Changes to CQC’s powers to enable them to act more swiftly
On the one hand, where there are valid concerns or credible reports of abuse, it is important that the CQC can act swiftly. However, whilst the CQC remains an imperfect regulator, some of the delays built into their functions are important as they allow providers an opportunity to challenge; so the CQC remains subject to a level of transparency and scrutiny.
Whilst more efficient and effective action is welcomed where there is evidence of abuse, this should not be at the expense of the rights which providers have to be involved in and to challenge the CQC in its exercise of its functions.
So, what now?
In the long term, providers can assume that it will be a matter of when and to what degree – not if – things change. There are likely to be further developments, consultations and publications.
In the short term, there may be a subtle shift in CQC activity, responding to the criticism they have faced. It is entirely foreseeable that they will adapt practices in the short term to avoid further criticism. They may, for example, start to conduct more out-of-hours inspections and may review internal policies on ratings and inspections.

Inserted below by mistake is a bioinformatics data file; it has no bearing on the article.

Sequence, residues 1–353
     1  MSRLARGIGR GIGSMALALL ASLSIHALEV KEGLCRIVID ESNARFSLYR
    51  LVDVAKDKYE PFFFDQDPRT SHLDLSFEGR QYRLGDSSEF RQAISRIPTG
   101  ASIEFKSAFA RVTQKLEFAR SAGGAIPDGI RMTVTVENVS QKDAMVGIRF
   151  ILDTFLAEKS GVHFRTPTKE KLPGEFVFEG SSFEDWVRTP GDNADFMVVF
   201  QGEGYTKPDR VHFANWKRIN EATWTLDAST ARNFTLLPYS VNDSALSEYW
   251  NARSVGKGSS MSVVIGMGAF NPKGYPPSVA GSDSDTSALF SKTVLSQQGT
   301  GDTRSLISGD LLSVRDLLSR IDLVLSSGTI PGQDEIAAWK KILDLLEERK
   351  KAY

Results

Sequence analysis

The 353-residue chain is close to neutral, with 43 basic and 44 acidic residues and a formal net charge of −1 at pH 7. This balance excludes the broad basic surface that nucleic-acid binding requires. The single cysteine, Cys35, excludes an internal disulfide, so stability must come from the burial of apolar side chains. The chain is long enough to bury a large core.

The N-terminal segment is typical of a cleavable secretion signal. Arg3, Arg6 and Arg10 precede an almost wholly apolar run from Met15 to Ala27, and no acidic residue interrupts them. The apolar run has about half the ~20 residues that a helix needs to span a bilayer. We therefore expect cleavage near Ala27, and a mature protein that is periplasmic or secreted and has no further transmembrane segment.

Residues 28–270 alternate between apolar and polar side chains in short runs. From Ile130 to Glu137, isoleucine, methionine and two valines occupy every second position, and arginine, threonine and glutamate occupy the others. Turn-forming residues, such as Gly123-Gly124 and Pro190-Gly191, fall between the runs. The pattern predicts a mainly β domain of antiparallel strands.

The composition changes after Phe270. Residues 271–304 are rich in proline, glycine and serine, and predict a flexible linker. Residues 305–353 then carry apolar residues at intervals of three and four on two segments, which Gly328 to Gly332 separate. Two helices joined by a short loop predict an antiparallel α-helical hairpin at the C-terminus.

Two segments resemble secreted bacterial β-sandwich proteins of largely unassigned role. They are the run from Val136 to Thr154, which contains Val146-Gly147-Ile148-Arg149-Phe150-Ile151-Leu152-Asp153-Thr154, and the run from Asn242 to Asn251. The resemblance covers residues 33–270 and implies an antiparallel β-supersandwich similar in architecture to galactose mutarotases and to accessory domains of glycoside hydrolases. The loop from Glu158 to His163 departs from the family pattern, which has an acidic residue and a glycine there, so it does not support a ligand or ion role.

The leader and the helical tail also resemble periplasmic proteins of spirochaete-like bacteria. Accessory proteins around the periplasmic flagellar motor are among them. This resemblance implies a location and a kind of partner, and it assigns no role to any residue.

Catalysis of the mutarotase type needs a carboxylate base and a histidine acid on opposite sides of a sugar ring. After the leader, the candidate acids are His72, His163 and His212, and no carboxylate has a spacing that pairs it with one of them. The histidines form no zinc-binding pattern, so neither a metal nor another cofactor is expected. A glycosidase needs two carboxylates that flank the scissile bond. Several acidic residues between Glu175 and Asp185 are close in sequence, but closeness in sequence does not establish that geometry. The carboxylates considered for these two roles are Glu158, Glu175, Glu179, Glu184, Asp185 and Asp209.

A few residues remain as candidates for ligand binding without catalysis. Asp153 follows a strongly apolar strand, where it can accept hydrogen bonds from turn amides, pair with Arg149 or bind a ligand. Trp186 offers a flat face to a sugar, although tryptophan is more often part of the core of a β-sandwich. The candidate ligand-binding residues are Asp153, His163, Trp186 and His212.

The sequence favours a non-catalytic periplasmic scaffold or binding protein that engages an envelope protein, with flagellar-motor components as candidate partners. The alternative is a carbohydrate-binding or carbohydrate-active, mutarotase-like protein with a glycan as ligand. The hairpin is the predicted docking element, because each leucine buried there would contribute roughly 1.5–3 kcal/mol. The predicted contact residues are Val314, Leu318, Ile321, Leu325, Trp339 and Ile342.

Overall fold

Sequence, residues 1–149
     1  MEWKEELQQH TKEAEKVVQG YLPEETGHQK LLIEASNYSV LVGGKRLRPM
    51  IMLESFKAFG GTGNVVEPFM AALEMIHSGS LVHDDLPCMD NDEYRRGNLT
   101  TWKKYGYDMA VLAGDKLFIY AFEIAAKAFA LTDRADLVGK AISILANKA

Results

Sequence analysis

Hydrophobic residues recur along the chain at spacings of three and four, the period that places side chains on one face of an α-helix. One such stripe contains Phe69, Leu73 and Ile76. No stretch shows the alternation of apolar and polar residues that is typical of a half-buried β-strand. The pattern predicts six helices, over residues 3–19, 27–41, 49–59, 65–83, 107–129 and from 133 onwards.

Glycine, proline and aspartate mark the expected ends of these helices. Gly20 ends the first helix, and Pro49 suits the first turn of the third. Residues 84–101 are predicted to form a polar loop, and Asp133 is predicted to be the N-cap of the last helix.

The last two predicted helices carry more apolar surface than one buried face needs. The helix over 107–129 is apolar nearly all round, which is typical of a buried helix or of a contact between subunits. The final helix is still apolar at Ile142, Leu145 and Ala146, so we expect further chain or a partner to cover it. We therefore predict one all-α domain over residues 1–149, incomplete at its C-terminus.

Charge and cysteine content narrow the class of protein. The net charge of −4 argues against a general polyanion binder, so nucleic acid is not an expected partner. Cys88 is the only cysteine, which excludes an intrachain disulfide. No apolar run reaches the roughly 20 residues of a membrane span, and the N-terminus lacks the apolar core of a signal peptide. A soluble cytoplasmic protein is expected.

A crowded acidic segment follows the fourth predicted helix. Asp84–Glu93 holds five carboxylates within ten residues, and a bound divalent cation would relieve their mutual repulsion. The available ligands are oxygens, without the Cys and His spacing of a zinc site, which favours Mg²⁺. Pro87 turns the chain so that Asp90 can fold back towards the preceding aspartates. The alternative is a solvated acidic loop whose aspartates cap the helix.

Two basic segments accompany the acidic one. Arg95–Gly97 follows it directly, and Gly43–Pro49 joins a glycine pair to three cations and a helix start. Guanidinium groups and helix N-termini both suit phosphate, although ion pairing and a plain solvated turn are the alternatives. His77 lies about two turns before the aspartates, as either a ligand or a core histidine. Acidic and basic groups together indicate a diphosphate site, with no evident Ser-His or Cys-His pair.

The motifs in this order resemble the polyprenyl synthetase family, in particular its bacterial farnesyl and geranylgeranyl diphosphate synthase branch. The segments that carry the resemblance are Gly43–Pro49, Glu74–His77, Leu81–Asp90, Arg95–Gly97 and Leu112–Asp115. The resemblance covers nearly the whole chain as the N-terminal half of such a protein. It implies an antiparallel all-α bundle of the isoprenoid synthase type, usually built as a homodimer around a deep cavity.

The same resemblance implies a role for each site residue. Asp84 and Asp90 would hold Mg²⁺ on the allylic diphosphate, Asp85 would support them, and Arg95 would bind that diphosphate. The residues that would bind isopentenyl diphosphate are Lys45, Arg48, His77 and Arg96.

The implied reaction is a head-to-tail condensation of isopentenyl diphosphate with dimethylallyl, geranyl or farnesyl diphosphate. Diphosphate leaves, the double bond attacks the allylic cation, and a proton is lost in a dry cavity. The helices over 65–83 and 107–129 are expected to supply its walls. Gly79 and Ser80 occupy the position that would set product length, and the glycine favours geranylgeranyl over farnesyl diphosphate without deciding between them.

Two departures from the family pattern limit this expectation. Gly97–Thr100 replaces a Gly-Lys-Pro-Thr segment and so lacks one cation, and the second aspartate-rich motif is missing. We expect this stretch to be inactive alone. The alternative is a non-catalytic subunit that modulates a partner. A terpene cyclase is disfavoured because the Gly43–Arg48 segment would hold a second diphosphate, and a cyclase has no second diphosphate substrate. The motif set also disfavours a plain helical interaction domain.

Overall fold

Providers would be sensible to remind all staff about the CQC inspection process and that standards should be maintained at all times of day and night. Staff should be encouraged to take (and keep) a record of what was discussed with the inspector, whenever it takes place.
If providers wish to have a say in the future landscape of CQC regulation and activity, now might be the time to get involved at a policy level.
For more information or to discuss how to get more involved, please contact Ridouts Professional Services plc.

www.ridout-law.com